Paris and river dating

Upstream from the basin four large storage reservoirs have been built since 1950 on the Yonne, Marne, and Aube, as well as on the Seine itself.

These relatively shallow impoundments (averaging about 25 feet in depth) cover large areas.

Joined by the Aube near Romilly, the river bears west to skirt the Île-de-France in a wide valley to Montereau, where it receives the Morvan, a northward extension of the Massif Central.

Turning northwest again, the Seine passes Melun and Corbeil as its trenched valley crosses the Île-de-France toward Paris.

In addition, half of the water used in the region around Paris, both for industry and for human consumption, and three-fourths of the water used in the region between Rouen and Le Havre, is taken from the river.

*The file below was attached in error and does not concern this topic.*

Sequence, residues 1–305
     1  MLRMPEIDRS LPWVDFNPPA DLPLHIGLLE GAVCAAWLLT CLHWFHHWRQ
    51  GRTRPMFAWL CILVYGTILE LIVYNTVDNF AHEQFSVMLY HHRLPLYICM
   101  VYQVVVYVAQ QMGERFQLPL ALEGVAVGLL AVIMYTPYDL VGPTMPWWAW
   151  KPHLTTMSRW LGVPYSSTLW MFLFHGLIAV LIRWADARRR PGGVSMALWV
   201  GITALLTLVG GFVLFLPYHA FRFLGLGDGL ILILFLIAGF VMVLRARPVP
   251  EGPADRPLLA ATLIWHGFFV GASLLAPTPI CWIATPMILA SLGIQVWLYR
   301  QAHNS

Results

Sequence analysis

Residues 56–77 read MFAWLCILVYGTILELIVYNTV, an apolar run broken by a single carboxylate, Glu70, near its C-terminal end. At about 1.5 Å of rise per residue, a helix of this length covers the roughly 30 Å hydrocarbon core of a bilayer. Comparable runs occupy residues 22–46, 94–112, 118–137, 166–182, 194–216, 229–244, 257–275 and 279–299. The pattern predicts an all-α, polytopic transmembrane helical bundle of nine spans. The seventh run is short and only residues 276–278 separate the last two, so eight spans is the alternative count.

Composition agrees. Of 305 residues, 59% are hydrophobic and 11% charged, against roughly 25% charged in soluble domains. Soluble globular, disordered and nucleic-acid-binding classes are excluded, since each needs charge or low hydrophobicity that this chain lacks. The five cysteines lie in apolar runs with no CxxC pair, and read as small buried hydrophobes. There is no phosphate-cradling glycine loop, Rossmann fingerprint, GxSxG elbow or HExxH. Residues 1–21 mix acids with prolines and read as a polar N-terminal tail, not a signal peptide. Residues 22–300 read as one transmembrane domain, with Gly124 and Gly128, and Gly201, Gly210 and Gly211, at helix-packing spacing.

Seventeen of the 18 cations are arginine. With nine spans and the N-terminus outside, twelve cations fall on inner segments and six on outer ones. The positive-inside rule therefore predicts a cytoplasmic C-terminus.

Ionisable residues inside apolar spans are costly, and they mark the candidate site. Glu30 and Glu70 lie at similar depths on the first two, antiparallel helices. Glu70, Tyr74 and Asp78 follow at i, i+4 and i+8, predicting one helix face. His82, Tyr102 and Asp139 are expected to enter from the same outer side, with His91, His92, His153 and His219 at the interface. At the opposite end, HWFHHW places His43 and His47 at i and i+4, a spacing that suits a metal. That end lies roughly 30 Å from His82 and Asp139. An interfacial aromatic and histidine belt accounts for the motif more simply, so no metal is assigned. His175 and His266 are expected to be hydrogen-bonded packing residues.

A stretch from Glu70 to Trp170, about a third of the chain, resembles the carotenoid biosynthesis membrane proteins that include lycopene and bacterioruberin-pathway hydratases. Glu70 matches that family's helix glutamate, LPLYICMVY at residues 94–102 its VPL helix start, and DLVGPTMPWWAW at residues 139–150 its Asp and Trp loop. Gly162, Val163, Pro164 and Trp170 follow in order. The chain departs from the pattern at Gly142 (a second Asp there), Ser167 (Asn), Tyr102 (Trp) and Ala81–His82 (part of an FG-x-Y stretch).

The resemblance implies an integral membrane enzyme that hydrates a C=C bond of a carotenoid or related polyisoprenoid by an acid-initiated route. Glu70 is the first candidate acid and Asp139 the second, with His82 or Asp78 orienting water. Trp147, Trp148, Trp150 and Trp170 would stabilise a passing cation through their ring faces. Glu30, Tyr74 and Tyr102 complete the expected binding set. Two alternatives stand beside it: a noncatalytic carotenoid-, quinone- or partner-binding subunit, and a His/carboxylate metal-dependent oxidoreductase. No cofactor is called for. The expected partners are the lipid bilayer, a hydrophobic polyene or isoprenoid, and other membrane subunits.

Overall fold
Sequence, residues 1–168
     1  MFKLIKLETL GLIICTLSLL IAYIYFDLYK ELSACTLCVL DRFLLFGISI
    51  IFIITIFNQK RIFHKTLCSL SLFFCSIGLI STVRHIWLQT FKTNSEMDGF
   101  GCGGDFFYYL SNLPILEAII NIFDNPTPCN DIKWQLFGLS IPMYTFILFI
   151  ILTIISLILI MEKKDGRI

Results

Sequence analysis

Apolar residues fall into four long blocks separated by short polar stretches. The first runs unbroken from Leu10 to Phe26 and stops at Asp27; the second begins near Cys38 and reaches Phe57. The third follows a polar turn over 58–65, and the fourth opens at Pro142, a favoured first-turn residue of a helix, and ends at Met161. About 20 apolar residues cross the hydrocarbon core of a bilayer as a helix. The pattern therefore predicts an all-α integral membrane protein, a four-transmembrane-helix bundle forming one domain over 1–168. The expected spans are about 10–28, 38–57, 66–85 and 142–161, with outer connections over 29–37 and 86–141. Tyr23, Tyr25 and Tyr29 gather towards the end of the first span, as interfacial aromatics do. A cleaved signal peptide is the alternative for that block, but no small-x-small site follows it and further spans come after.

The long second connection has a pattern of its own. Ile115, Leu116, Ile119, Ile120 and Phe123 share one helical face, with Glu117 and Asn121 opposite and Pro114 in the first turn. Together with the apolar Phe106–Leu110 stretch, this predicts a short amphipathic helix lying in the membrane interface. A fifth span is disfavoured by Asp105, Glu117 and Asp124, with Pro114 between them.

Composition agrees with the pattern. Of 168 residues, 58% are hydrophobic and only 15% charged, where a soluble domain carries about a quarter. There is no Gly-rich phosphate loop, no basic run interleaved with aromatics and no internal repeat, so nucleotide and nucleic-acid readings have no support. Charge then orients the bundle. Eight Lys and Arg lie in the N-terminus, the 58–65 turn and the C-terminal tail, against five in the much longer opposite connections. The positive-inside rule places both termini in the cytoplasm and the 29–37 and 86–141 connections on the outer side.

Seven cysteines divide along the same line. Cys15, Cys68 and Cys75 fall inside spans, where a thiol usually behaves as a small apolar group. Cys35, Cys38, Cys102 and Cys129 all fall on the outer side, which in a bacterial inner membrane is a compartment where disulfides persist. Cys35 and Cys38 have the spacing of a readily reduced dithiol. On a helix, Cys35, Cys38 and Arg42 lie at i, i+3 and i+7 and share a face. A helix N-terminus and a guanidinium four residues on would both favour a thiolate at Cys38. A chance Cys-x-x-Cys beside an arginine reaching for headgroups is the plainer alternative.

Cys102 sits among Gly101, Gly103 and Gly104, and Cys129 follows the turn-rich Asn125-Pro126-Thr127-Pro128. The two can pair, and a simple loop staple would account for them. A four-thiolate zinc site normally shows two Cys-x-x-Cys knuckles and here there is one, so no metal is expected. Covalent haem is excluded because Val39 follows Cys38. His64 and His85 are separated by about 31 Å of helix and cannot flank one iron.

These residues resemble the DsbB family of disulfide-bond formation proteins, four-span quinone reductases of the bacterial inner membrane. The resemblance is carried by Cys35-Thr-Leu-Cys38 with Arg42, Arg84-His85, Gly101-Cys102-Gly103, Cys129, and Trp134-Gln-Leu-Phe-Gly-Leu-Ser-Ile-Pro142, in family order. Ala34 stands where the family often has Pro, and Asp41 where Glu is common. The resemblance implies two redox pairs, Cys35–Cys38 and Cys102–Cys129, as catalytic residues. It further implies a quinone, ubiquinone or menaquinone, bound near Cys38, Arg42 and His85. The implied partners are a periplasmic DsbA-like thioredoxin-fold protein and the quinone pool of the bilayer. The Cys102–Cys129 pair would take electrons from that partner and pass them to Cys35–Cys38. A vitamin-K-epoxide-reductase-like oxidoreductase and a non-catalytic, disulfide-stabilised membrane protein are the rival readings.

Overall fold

The lower course of the Seine, below Paris, is directed in a general northwesterly direction toward the sea, in conformity with the trend of the lines of structural weakness affecting the northern part of the basin.

Flowing sluggishly in sweeping loops, the Seine passes below Mantes-la-Jolie across Normandy toward its estuary in the English Channel.

The broad estuary opens rapidly and extends for 16 miles below Tancarville to Le Havre; it experiences the phenomenon of the tidal bore, which is known as the From its source to Paris, the Seine traverses concentric belts of successively younger sedimentary rocks, infilling a structural basin, the centre of which is occupied by the limestone platforms of the Île-de-France immediately surrounding Paris.

As it enters Paris, it is joined by its great tributary the Marne on the right, and, after traversing the metropolis, it receives the Oise, also on the right.

In its passage through Paris, the river has been trained and narrowed between riverside quays.

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Winter floods are rarely dangerous, but in January 1910 exceptionally heavy rainfall caused the river to rise above 28 feet at Paris, flooding the extensive low-lying quarters along its ancient meander loop (the Marais).

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